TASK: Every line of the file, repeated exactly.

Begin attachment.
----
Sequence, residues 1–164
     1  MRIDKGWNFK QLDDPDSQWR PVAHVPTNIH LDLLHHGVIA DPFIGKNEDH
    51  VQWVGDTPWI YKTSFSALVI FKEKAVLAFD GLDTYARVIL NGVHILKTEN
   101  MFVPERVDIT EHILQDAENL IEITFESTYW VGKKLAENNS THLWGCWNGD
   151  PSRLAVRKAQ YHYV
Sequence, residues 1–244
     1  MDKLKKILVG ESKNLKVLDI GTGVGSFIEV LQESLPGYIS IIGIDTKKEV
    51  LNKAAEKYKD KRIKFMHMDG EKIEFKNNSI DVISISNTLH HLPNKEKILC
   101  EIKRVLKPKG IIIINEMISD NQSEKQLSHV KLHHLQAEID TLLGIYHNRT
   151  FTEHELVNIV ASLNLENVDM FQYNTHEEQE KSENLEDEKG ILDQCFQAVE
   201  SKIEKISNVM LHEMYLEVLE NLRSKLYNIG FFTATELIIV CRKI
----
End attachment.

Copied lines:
Sequence, residues 1–164
     1  MRIDKGWNFK QLDDPDSQWR PVAHVPTNIH LDLLHHGVIA DPFIGKNEDH
    51  VQWVGDTPWI YKTSFSALVI FKEKAVLAFD GLDTYARVIL NGVHILKTEN
   101  MFVPERVDIT EHILQDAENL IEITFESTYW VGKKLAENNS THLWGCWNGD
   151  PSRLAVRKAQ YHYV
Sequence, residues 1–244
     1  MDKLKKILVG ESKNLKVLDI GTGVGSFIEV LQESLPGYIS IIGIDTKKEV
    51  LNKAAEKYKD KRIKFMHMDG EKIEFKNNSI DVISISNTLH HLPNKEKILC
   101  EIKRVLKPKG IIIINEMISD NQSEKQLSHV KLHHLQAEID TLLGIYHNRT
   151  FTEHELVNIV ASLNLENVDM FQYNTHEEQE KSENLEDEKG ILDQCFQAVE
   201  SKIEKISNVM LHEMYLEVLE NLRSKLYNIG FFTATELIIV CRKI